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A MUltiple Space and Time scale approach for the quAntification of deep saliNe formations for CO2 storaGe

 IDAEA is organising a session on "Mineralogical aspects of CO2 storage" in the EMC2012
Geological sequestration of CO2 is internationally considered as a potential means of contributing to the planned reduction in anthropogenic emissions. Injecting CO2 at depth will involve the acidification of groundwater and the possible dissolution and precipitation of minerals in the reservoir and seal formations. Porosities may change as a consequence of these reactions, together with key flow and transport properties (permeability, diffusivity). These changes could possibly exceed the natural ranges of values in the geological formations. The injection and migration of CO2 could also be affected by these processes. The focus of this session will be to present experimental and modelling studies applied to the understanding and quantification of mineral reactions in the context of CO2 sequestration, together with the impact of these changes on fluid flow and solute transport. More information at
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Mineralogical aspects of CO2 storage.pdf
 MUSTANG visit to CO2CRC and the Otway Project injection site in Australia
As part of the preparations for the Heletz CO2 injection experiment, a group of MUSTANG partners visited the CO2CRC Otway Project injection site in Australia in May 2012. Hosted by MUSTANG SIRAB representative Dr Matthias Raab from CO2CRC, the group visited both the CO2CRC offices in Melbourne, the CSIRO research institute as well as the Otway Project in south west Victoria. The objective of the successful visit was in particular to learn from the CO2CRC experiences from the CO2 push-pull injection experiment of Otway Stage 2B that was carried out recently, as well as to discuss research topics of common interest in general. The Otway Stage 2B experiment has many similar features that the under-preparation first injection experiment at Heletz will have. In both cases the main activity is the determination of in-situ residual and dissolution trapping of CO2. The Cooperative Research Centre for Greenhouse Gas Technologies (CO2CRC) is one of the world’s leading collaborative research organizations focused on CCS. It is a joint venture of industry, government, universities and research bodies from Australia and elsewhere ( The CO2CRC Otway Project is Australia’s first demonstration of the geological storage of CO2 and a project that has made major contributions to international knowledge of how to plan, conduct and monitor CCS projects. In Stage 1 CO2-rich gas was extracted from an existing well, processed, compressed and transported underground in a 2 km pipeline to the injection well, where it was injected into a depleted gas reservoir at a depth of 2050 meters. CO2 migrated up-dip within the reservoir sandstone capped by the impervious seal from above and was detected months after the start of injection at the Naylor-1 monitoring well. Monitoring was also carried out in the atmospheric, surface and near surface domains. Altogether over 65 000 tons were injected. Overall, the project gave confidence in the injection technology as well as modeling and monitoring techniques. During Stage 2, the focus has been in characterizing the trapping mechanisms and storage capacity in a saline aquifer, by means of a push-pull CO2 injection experiment to a saline aquifer at 1500 m depth. The experiments were carried out in 2011 and interpretation of the results is presently underway. A video of the experiments is online at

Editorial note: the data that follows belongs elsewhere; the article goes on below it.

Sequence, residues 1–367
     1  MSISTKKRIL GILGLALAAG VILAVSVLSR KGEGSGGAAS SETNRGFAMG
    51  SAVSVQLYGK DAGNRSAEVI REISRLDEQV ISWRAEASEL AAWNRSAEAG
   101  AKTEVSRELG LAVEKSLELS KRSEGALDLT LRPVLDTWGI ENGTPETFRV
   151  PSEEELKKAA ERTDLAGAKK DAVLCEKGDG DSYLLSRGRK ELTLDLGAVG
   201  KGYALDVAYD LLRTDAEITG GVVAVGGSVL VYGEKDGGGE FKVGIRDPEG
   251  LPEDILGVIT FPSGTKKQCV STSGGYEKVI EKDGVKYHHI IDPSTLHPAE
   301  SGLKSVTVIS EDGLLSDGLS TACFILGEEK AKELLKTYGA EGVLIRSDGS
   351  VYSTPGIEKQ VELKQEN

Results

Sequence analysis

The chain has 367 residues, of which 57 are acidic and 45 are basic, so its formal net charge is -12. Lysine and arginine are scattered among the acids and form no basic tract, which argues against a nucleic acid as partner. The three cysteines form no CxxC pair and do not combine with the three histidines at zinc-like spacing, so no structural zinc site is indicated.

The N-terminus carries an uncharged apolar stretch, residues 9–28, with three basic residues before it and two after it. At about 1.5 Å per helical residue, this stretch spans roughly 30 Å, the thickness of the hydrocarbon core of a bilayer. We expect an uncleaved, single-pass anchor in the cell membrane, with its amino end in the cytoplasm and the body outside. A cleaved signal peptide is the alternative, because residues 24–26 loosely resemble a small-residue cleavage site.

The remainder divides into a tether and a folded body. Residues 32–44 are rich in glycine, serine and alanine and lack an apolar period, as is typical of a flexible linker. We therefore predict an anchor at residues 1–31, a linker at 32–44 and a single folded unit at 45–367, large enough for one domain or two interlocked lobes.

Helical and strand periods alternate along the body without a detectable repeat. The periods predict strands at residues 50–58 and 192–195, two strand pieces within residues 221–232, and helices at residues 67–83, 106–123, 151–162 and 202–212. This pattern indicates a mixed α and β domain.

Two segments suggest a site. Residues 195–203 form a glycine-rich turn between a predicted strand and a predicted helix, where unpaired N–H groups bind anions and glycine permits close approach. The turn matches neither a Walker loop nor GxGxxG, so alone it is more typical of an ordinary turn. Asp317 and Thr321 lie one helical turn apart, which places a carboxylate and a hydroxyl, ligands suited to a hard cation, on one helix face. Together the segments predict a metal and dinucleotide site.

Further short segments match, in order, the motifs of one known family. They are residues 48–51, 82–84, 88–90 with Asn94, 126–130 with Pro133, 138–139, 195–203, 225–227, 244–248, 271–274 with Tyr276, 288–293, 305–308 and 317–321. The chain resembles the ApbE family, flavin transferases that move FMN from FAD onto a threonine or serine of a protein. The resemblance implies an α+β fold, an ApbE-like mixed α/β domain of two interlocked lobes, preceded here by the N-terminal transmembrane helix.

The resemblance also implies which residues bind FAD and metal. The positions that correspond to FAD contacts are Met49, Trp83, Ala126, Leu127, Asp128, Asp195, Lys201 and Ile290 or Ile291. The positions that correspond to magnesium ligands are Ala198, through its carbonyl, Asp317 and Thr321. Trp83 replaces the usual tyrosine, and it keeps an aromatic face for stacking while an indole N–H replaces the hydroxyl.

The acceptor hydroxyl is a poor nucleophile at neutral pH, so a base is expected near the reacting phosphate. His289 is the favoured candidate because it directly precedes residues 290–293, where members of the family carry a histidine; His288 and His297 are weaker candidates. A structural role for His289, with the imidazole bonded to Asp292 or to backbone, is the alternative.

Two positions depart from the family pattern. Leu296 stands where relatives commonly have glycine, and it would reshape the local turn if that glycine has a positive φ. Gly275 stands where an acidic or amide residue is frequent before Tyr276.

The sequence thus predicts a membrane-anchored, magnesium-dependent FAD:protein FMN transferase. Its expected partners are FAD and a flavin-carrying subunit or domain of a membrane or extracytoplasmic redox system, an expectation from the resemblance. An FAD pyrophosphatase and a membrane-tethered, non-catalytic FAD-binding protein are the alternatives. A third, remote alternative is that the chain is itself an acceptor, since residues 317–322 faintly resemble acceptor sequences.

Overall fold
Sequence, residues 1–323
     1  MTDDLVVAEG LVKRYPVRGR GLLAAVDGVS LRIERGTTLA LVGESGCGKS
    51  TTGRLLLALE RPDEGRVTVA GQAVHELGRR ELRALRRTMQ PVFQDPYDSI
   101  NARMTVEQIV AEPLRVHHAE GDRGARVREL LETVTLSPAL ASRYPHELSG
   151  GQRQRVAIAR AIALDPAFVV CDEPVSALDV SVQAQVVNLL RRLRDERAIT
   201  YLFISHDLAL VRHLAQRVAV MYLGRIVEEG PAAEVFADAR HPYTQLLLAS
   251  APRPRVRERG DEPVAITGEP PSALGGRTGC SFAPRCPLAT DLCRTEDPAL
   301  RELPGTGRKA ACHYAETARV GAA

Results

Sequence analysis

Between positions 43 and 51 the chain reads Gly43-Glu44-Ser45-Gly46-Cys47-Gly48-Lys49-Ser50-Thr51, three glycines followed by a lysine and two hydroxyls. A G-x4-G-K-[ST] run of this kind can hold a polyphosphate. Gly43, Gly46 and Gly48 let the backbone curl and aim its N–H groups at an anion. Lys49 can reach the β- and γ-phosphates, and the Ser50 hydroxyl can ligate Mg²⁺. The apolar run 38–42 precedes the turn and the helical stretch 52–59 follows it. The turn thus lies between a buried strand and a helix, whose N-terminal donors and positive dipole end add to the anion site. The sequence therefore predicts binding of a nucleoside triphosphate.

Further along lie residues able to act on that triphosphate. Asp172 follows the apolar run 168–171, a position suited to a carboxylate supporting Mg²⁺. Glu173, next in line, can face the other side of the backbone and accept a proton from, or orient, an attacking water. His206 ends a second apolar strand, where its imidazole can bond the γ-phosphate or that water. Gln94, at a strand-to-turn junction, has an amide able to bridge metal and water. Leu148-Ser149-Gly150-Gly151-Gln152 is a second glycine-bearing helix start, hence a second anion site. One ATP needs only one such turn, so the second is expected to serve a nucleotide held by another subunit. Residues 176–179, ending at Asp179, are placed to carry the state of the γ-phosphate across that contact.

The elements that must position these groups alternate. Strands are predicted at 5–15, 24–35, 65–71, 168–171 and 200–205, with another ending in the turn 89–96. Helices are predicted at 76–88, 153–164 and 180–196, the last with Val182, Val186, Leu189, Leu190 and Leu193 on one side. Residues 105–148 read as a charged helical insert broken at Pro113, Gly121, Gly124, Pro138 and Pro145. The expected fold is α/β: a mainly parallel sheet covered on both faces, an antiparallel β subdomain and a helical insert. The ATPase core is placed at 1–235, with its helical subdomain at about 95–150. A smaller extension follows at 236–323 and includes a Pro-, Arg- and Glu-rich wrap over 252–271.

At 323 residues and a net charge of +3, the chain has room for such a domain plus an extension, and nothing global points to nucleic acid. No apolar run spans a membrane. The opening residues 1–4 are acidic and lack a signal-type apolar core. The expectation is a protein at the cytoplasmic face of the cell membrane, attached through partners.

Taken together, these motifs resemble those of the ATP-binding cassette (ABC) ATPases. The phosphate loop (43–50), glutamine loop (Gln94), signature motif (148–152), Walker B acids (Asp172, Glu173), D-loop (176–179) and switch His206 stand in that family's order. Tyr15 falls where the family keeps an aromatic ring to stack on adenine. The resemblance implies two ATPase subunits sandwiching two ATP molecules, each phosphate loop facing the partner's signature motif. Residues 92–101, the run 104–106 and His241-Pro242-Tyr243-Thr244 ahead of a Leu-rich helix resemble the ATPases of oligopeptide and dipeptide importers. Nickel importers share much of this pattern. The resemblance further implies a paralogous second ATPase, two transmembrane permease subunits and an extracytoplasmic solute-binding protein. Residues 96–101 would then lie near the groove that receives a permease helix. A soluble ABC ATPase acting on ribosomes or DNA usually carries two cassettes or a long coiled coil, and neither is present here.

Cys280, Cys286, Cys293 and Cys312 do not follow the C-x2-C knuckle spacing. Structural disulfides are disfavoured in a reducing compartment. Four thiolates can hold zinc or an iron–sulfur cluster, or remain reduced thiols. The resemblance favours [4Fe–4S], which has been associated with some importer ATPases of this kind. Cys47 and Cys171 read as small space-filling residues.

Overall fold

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 MUSTANG 18-month progress report submitted to EU
As part of its required reporting to the EU, the coordinator has submitted a periodic report to the EU documenting work progress during the first 18 months of the 48 month project. The core of this report, containing work package progress reports, contains the scientific and technical results from this period and can be downloaded from this site.
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 Mustang partners at EGU meeting - Session: ERE2.5 Site Characterization for CO2 Geological Storage Sites
This session addresses the issue of site characterization of geological formations for storage of CO2. Presentations are invited to cover the various aspects associated with that, including advances in process understanding and development of related measurement techniques, role of modelling in assessing the evolution of the site and effect of spatial variability
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 MUSTANG Information day at Technion
On 11/03/2010 an information day on MUSTANG was held at the Technion. Participants to this gathering included the scientific staff of the Technion and external guests from the IEC (Israel Electric Corporation), The IWA (the Israel Water Authority), The chief scientist of the Israel Ministry of Infrastructures (MOI), The Ministry for the protection of the environment (MPE), The Israel Geological survey (GSI) and the Israel Geophysical institute (GII).
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technion _11_03_2010_.pdf
MUSTANG partner Prof Jacob Bear is the 2010 recipient of the highly recognized Horton medal. The prize is awarded by American Geophysical Union (AGU) to no more than one person annually for 'outstanding contributions in hydrology'. Congratulations Prof Bear from the entire MUSTANG group! FURTHER INFORMATION ON:
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